Initial reactions to the recent Pew Research Center’s study of American Jews have been almost knee-jerk in their pessimism. One commentator called the portrait a “grim” one. Another viewed the study’s results as “devastating,” with its evidence of “so much assimilation.” This rush to gloom brings to mind the old sendoff about the definition of a Jewish telegram: “Start worrying. Details to follow.”
The actual facts that evoked these reactions needn’t be viewed as unequivocally problematic. Another reading is possible.
Consider these findings: The American Jewish population turns out to be larger than expected: 6.8 million rather than previous estimates of 6 million or less. Intermarriage rates have held more or less steady since 1990. And most (61%) of Jews who intermarry are raising their children as “Jewish or partly Jewish,” rather than in another religion.
So the Jewish population isn’t shrinking, and even though many Jews intermarry, among those who do, the impulse to evade being seen as Jewish and to avoid “burdening” the identity of one’s children with a Jewish connection seems to have faded.
Today, intermarriage is more aptly a marker of integration and acceptance of Jews into America than a sign of Jews abandoning their origins or turning their backs on Judaism. I’m thinking of people like Jon Stewart, Natalie Portman and Rahm Emanuel, who have intermarried yet strongly identify as Jews.
It’s likely that they would be among the overwhelming proportion of Jews (94%) in the study who say that they are proud to be Jewish. While rabbis and the most religiously devout may not be impressed by this, sociologically these changes are striking and worth appreciating.
It wasn’t always this way. In 1937, Jews were held in such low esteem that Rabbi Mordecai Kaplan described the troubling psychological burden of being Jewish: “The average Jew today is conscious of his Judaism as one is conscious of a diseased organ that gives notice of its existence by causing pain.”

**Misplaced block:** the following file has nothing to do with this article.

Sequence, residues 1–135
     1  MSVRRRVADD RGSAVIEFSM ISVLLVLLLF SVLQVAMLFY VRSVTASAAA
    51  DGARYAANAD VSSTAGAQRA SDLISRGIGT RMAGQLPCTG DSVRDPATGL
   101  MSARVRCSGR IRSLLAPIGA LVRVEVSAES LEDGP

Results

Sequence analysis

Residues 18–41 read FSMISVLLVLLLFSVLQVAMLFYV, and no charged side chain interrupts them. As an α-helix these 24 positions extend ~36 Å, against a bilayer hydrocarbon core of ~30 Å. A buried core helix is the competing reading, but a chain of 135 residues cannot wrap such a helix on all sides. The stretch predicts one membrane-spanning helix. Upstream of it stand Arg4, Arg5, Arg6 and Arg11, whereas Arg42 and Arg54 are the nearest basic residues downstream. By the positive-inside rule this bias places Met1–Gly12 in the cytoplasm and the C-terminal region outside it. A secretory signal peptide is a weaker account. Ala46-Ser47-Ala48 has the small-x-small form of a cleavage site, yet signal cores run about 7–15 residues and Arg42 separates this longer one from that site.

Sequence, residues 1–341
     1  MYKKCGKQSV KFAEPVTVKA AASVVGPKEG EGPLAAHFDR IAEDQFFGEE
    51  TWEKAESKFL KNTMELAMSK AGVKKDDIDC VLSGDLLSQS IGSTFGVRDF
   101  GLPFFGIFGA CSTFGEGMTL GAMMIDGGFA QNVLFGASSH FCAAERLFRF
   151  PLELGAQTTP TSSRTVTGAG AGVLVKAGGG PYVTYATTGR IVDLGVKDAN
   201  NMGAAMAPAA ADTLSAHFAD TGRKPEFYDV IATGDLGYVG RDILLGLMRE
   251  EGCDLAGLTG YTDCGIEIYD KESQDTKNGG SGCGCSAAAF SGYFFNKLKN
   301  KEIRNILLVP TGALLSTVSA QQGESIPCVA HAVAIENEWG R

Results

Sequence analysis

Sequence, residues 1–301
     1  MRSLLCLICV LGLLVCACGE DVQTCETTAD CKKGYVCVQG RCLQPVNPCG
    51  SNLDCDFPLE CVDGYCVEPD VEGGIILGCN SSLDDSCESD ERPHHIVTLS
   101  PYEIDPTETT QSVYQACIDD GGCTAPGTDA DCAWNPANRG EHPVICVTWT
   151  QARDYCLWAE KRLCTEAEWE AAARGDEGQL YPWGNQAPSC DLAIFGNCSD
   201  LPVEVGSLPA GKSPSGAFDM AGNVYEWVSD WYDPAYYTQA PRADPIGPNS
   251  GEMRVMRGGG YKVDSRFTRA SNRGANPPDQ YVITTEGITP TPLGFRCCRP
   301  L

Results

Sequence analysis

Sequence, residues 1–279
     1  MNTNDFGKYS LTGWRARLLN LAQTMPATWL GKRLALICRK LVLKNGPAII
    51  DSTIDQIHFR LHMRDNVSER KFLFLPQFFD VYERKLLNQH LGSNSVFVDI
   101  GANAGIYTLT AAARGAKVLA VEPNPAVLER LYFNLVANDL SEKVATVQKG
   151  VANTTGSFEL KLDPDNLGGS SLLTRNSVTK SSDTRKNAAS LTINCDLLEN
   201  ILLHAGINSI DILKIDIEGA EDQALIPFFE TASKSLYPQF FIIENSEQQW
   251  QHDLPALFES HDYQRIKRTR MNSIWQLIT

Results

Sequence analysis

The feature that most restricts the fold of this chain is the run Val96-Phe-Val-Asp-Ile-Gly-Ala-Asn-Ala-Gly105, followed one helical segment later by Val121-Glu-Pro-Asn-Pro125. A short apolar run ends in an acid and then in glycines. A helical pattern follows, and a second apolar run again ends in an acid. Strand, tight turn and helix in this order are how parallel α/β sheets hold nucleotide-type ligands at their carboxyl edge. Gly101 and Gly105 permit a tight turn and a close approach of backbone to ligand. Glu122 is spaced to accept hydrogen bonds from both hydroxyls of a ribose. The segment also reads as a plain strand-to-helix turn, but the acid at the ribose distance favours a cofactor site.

At midcentury there was a slew of jokes about Jews who attempted to “pass” as WASPs but were stymied by telltale signs of their otherwise hidden Jewishness.
Now the situation is remarkably different. A cartoon from the October 1, 2012, issue of The New Yorker depicted a couple and a wedding planner with the following caption: “No, we’re not Jewish. But we think it would be fun for our reception’s theme to be ‘A Jewish wedding.’”
What’s changed over the course of the past century is that being Jewish is no longer viewed as a stigmatized condition. In other words, the “credit rating” of Jews as a group in American society has improved radically in comparison with its valuation half a century ago.
That positive shift is a result of the successful incorporation — assimilation! — of Jews (among other former stigmatized “Others”) who were once seen as beyond the pale but have now become part of the widened American mainstream. A formerly “bright boundary” separating Jews and gentiles blurred and became traversable (to use the language of sociologist Richard Alba).
Jewishness is now more widely distributed and much more positively viewed within the broader society than in the past. For instance, more than half of Americans (58%) reported personally knowing a Jewish person, according to the General Social Survey 2000. And nearly two-fifths of Americans say they would favor a close relative marrying a Jew. In 1905, intermarriage between a Jewish woman — “the flower of the ghetto” —and the scion of a prominent Protestant family was so unthinkable that it made the front page of The New York Times!
In this new environment, Jewishness in its many modes is no longer limited to traditional Jewish outlets. The Pew survey doesn’t tell us much about the expanding array of materials a person can use that relate to Jews, Judaism, Jewish history and Jewish concerns — the sheer number of books and films on Jewish subject matter, the opportunities for Jewish learning, even various cartoons that contain Jewish characters.
In addition, Jewish content is increasingly available in places that never provided it before: on university campuses, on TV, even in the form of the Pew study itself. The other national studies of Jews from 1970, 1990 and 2001 were funded and conducted by and for the Jewish community — and with the Pew study, the research operation has moved out of a cloistered Jewish-only setting and onto a broader stage.
All in all, the experience of Jews in America is a complex story. Summarizing this as a “grim portrait” misses a significant counter-narrative: the surprising persistence and durability of Jewishness in America.
Bethamie Horowitz is a research professor at New York University. She directed the 1991 New York Jewish Population Study.
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